'Quicker diagnosis needed' in Wales for dementia
Faster diagnosis and a change in approach to the care provided to people with dementia is needed, a man with the condition has said.
Nigel, 66, from Swansea, was diagnosed in 2012 but began experiencing problems in 2007.
Prior to diagnosis, he said there was no support available but the effects were already taking their toll.
The Welsh Government said dementia was a priority and an extra £8m had been invested in the past two years.
Earlier this week, it was revealed dementia, including Alzheimer's disease, had overtaken heart disease as the leading cause of death in England and Wales.
Nigel said once a person has gone through all the necessary steps to get a diagnosis, it could be in excess of four years.
"They tend to wait and see, but dementia doesn't wait and see," he said.
"I'd like the Welsh Government to look at a national pathway from pre-diagnosis to end of life for people diagnosed with dementia and their relatives."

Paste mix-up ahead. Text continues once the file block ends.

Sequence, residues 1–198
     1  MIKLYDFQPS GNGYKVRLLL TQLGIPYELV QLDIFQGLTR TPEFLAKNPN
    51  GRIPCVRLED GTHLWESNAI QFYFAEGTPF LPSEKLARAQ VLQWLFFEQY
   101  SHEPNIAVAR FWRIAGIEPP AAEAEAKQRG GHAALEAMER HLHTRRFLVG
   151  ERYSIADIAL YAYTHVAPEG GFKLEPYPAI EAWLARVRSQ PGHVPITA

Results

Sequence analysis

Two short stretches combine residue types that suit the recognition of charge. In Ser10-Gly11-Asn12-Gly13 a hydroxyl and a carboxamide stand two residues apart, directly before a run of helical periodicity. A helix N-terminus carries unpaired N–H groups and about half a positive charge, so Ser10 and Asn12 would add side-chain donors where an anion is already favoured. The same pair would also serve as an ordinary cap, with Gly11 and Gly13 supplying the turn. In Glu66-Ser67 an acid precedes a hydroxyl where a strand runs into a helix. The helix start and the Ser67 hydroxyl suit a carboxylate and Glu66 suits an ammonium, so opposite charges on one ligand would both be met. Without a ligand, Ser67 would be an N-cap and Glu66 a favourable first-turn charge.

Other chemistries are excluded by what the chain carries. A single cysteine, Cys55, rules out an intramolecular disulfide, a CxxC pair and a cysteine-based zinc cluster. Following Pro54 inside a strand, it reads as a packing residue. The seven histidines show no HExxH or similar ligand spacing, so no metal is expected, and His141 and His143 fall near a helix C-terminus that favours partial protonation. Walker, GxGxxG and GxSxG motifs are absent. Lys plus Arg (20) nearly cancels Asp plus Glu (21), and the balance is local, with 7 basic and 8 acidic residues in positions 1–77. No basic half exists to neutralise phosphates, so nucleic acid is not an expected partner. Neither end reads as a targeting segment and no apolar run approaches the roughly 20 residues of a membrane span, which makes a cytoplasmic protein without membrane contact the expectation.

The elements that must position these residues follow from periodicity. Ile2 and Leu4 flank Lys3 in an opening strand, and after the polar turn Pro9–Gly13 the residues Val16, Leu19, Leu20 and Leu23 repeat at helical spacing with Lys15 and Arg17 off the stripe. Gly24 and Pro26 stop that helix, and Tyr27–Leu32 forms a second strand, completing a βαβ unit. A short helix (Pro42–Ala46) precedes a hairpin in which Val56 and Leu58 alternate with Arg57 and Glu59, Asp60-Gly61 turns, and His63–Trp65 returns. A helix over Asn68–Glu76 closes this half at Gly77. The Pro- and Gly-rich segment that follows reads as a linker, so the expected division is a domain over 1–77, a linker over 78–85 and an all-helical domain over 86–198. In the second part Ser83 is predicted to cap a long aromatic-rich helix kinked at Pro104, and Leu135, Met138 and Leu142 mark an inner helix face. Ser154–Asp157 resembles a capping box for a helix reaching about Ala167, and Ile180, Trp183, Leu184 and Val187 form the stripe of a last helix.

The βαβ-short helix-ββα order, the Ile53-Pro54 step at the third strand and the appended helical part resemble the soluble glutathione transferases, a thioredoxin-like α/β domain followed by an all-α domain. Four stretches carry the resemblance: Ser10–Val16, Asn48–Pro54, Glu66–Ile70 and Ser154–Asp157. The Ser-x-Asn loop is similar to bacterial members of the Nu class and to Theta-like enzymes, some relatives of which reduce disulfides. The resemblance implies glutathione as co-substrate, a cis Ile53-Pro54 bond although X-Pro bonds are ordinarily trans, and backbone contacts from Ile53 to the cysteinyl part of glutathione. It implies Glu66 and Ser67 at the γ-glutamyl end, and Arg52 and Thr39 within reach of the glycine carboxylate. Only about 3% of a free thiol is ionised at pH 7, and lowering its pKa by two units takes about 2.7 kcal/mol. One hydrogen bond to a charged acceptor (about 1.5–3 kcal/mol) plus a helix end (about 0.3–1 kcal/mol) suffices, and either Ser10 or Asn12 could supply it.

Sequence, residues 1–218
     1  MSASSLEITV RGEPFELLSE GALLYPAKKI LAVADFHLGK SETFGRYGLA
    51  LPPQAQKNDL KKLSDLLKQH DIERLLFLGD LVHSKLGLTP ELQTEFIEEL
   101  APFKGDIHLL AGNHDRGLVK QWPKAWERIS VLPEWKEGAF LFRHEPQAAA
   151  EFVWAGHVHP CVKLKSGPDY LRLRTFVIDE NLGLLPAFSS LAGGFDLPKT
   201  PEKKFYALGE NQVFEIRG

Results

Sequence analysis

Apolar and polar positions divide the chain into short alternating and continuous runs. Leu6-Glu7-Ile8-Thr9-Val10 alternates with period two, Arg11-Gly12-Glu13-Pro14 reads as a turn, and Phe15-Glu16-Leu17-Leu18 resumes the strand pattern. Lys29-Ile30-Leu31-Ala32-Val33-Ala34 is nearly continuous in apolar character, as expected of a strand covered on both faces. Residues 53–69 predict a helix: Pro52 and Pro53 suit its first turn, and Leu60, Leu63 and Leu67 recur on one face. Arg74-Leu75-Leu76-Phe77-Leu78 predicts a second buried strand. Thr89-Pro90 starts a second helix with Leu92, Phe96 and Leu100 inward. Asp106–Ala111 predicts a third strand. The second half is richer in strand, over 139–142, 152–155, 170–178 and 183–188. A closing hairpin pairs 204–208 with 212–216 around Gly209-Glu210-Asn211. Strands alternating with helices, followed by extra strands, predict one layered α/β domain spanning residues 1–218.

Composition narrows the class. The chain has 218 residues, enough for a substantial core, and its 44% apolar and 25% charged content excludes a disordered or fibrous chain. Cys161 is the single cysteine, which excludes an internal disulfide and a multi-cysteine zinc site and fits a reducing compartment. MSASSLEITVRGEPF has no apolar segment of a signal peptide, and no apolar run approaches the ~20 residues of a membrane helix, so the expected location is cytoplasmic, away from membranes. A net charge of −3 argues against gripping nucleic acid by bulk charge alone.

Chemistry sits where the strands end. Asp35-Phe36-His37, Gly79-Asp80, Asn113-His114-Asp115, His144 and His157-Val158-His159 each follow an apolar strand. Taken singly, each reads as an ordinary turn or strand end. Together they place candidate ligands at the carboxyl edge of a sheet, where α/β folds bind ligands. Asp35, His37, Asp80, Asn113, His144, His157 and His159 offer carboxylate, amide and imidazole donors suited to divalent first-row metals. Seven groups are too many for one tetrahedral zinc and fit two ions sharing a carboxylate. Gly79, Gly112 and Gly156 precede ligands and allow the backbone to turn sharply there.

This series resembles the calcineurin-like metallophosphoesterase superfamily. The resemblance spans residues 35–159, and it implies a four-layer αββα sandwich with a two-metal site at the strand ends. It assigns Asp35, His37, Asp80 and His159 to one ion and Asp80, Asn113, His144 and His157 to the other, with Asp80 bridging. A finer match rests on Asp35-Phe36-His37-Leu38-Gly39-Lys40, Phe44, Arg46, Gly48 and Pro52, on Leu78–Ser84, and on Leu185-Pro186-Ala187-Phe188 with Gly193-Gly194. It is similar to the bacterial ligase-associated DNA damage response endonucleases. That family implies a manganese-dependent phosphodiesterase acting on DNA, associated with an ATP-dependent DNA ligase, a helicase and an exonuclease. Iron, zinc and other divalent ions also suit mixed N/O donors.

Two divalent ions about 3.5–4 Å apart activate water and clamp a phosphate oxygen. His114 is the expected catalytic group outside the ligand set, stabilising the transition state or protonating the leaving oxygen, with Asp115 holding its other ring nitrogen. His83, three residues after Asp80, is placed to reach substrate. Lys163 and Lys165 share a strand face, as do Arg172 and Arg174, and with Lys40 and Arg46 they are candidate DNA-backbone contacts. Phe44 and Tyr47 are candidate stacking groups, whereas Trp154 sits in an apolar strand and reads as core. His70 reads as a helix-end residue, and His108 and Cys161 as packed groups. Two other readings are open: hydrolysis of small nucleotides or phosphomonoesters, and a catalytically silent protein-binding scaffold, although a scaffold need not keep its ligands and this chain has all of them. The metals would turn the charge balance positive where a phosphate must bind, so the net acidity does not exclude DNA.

Nigel worked as a media officer but left his jobs as the condition started to affect him more in his day-to-day life.
"I'd put the Today programme on [in the mornings] and sit in the chair in my living room and the next thing it was 11:45," he said.
He also said people who relied on benefits could suffer if they have symptoms but have yet to be diagnosed as there are sanctions for missing appointments.
Nigel, a member of the Dementia Engagement and Empowerment Project, said there was a lack of direction in the system.
He also said post-diagnosis care was "under resourced and under funded" with care often being carried out by family members.
"We need somebody who delivers care around the needs of the individual - not the bathing, feeding, washing regime - and the same person every day - that continuity helps the carer and the person."
A Welsh Government spokesman said: "We are currently working closely with key stakeholders, partner organisations and service users and carers to develop a new dementia strategic action plan which we hope to publish for wider consultation before Christmas.
"The plan will focus attention on what service users and carers are telling us about what is particularly important to them - for example, early diagnosis and the provision of support following a diagnosis."